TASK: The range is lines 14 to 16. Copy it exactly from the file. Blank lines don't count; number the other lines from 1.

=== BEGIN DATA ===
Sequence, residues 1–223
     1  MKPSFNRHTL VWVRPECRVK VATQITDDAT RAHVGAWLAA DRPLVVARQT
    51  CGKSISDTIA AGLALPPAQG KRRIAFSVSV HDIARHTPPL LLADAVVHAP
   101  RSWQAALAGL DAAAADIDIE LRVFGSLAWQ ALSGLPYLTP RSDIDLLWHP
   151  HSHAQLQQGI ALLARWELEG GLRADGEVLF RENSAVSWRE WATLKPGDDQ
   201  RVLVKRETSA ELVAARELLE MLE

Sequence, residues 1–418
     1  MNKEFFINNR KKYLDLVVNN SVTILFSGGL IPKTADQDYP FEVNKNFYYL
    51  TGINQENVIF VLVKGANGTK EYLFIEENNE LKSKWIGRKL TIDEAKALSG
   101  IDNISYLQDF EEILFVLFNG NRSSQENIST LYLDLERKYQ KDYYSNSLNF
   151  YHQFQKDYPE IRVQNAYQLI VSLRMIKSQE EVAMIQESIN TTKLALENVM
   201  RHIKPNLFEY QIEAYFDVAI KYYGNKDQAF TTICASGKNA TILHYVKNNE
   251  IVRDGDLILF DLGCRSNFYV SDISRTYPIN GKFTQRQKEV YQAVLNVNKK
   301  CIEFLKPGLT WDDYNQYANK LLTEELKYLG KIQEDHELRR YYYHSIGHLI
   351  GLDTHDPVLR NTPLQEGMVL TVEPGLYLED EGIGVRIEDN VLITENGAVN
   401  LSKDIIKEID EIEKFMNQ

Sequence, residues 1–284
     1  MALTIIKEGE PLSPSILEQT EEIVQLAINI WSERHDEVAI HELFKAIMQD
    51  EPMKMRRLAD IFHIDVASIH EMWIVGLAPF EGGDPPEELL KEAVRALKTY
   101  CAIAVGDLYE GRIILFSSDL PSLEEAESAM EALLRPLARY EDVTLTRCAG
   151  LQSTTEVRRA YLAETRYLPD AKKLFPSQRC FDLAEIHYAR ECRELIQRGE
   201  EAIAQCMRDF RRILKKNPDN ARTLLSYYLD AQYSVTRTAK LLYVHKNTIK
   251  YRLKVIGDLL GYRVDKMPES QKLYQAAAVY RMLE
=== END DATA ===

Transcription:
   301  CIEFLKPGLT WDDYNQYANK LLTEELKYLG KIQEDHELRR YYYHSIGHLI
   351  GLDTHDPVLR NTPLQEGMVL TVEPGLYLED EGIGVRIEDN VLITENGAVN
   401  LSKDIIKEID EIEKFMNQ